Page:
Both philosophies have their influences, and also their characteristic errors. The characteristic error of Platonism would be the Socratic fallacy. If we only know the right thing, we’ll be sure to do it. Of course, that is not the case. We all do things that we know we should not do. The characteristic heresies associated with Aristotle are perhaps Pelagianism and antinomianism. Although these are opposite heresies, they are both characterized by a focus on action, on what we do rather than on what we know, on, as we say, “pulling ourselves up by our bootstraps.” So today the descendents of Plato would be the ideologues, the people who spend hours on their computers typing comments on social media because someone on the internet said something that was wrong. The descendents of Aristotle are the activists. They can be do-gooders who try to change the world for the better, but they can also be the busy bodies who make everyone else’s life miserable by trying to straighten them out.

Why bring up Plato and Aristotle in a Lenten sermon? As we look at the lectionary readings these morning, we note that there is a common theme about “seeing” and “light,” especially when we compare the gospel and epistle readings. John’s gospel tells the story of Jesus healing a man born blind. Before Jesus heals the man, he says: “As long as I am in the world, I am the light of the world.” (John 9:6). At the end of the passage, Jesus says: “For judgment I came into this world, that those who do not see may see, and those who see may become blind.” (v. 39). The Ephesians passage contains the statement: “Walk as children of light . . . and try to discern what is pleasing to the Lord” and concludes, “But when anything is exposed to the light, it becomes visible. . .” (Eph. 5:8,14) The similarities to Plato and Aristotle are certainly intriguing. There is the same imagery of light and darkness. The John passage, like Plato’s analogy of the cave, focuses on “seeing.” To the contrary, while the Ephesians passage uses light imagery with its contrast between light and darkness, the focus is on “doing,” more like Aristotle. John seems to be focusing on knowing the light. Paul focuses on “walking in the light.” (more…)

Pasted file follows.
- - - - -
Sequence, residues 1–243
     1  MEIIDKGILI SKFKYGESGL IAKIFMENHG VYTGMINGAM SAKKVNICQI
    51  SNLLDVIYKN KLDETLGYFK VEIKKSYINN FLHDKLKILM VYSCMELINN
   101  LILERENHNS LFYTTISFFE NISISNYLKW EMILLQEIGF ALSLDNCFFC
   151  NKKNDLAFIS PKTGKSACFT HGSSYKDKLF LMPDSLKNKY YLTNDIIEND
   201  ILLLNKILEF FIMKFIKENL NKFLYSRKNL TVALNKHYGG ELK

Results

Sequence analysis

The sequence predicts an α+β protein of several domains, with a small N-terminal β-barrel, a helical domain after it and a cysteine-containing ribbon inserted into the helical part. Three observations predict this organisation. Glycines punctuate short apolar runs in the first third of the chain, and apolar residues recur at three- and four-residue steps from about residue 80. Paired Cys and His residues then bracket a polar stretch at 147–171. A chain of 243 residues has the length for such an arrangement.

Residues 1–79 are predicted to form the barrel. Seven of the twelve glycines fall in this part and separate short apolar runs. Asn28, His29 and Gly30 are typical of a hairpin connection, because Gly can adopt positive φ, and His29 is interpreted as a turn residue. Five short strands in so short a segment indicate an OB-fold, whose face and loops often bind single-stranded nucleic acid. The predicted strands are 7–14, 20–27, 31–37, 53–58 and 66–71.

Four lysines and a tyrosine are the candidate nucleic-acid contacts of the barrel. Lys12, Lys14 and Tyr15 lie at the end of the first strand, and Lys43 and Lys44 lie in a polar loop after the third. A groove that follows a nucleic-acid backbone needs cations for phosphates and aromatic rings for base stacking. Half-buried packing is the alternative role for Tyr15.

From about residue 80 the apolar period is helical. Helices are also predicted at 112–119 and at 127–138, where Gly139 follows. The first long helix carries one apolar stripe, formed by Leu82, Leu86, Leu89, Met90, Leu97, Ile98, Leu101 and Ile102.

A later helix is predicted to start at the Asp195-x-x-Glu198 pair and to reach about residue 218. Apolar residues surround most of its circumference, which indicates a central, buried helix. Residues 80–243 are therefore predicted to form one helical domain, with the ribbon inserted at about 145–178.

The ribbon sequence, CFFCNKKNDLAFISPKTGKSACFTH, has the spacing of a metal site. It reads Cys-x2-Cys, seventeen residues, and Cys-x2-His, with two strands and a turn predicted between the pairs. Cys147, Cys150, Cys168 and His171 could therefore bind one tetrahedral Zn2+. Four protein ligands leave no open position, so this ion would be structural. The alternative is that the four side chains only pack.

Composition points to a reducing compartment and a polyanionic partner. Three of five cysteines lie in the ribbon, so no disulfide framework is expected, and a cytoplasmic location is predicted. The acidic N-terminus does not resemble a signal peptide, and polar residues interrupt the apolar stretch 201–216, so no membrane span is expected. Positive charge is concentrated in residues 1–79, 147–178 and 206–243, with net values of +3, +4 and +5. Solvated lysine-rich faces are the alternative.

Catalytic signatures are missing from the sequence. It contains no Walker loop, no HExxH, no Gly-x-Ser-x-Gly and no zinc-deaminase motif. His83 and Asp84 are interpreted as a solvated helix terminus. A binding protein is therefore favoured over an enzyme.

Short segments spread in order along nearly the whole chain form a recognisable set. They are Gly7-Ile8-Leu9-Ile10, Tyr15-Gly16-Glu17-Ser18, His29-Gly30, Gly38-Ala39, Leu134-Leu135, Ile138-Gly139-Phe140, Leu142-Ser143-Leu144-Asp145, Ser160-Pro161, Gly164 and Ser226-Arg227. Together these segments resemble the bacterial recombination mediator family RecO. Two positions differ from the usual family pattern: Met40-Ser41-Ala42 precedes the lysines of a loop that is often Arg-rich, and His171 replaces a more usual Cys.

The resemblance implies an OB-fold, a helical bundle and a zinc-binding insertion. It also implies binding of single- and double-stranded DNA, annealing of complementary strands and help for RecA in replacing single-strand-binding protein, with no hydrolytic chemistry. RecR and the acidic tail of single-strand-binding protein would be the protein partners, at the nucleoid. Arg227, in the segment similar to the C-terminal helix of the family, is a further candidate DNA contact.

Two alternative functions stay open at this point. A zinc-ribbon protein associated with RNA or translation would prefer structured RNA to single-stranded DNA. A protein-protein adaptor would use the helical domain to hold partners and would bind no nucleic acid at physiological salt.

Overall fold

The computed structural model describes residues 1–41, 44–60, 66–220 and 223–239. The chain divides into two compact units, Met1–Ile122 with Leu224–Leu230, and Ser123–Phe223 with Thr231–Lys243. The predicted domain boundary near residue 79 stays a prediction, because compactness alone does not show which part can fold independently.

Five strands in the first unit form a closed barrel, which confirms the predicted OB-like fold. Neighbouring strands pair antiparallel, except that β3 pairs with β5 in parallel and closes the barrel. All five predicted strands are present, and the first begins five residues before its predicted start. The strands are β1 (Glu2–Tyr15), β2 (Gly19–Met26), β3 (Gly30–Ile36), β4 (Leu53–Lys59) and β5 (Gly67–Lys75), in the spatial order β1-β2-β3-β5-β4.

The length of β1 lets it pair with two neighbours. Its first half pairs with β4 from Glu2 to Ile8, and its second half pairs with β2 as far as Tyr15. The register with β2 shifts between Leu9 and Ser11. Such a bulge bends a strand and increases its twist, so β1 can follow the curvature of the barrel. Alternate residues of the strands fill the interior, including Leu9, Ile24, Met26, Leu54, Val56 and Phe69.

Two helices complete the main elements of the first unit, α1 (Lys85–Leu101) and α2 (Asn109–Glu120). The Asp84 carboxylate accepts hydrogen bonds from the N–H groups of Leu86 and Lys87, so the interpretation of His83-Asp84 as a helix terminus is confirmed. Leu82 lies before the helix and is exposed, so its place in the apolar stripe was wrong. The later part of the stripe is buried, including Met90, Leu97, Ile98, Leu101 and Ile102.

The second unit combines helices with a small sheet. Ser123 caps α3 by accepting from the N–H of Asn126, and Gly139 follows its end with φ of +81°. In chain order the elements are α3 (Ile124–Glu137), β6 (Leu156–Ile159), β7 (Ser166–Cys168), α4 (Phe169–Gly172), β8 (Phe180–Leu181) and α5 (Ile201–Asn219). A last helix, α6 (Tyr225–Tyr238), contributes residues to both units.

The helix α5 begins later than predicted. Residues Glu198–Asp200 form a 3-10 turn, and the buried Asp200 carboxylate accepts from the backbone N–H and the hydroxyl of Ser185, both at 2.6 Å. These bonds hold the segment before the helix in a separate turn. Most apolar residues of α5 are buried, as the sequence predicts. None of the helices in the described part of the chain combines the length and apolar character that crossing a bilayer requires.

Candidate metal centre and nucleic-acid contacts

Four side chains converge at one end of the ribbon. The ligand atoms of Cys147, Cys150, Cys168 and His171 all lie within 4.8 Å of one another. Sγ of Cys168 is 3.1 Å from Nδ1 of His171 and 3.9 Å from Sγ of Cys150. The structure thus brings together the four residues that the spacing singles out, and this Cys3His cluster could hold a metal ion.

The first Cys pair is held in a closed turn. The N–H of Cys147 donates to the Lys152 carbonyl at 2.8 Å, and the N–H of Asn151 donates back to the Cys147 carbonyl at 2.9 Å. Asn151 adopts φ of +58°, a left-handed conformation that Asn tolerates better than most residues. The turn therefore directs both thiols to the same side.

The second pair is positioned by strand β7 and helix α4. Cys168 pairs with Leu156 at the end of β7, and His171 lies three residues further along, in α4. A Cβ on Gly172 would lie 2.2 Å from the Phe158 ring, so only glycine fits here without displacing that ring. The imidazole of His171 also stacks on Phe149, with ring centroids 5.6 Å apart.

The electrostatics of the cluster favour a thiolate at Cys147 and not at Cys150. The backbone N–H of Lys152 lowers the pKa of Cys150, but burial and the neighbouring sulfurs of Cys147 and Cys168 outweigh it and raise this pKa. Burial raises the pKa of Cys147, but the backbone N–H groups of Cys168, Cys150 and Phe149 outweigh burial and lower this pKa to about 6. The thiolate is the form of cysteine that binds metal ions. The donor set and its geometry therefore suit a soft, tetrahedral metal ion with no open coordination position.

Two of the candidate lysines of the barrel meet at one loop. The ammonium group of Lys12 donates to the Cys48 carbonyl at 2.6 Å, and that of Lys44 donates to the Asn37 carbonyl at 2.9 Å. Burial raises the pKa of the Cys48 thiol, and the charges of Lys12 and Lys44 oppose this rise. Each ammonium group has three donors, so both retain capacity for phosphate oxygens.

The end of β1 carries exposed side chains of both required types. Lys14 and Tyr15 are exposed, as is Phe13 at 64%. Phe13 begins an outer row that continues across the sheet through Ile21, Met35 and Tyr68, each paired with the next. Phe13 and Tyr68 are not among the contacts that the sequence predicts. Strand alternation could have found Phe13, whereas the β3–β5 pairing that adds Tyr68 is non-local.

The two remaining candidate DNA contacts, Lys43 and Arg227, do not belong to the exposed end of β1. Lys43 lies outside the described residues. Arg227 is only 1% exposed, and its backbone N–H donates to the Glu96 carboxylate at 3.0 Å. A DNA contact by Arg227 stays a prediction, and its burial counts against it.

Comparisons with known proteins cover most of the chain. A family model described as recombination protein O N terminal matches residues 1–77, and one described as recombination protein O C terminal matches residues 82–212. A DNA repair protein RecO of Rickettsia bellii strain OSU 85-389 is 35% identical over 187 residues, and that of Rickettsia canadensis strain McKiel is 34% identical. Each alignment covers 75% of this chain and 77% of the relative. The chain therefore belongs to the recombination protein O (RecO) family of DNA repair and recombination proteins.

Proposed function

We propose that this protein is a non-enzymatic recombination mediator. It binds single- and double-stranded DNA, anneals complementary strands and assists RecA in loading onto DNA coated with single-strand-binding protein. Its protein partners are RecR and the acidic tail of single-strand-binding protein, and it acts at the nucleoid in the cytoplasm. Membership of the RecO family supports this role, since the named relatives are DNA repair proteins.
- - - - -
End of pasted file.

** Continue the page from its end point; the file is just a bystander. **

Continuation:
March 9, 2014

Concerning Women’s Ordination: Disciples of Jesus

Filed under: Theology,Women's Ordination — William Witt @ 5:57 am

“For Martha”

christ_in_the_house_of_martha_and_maryI

In previous essays in this discussion of women’s ordination, I have identified two basic theological rationales endorsed by two different groups who oppose women’s ordination – a Protestant approach and a Catholic approach. Both oppose women’s ordination, but for very different reasons. Protestant opposition to the ordination of women focuses on hierarchy and authority, and bases its case on passages (especially in some of the New Testament epistles) that suggest that women should be in subordination to men or that women should not speak in church or teach men. Catholic opposition focuses not on authority, but on sacramental theology. It is claimed that women lack some essential characteristic that is necessary for administering the sacraments.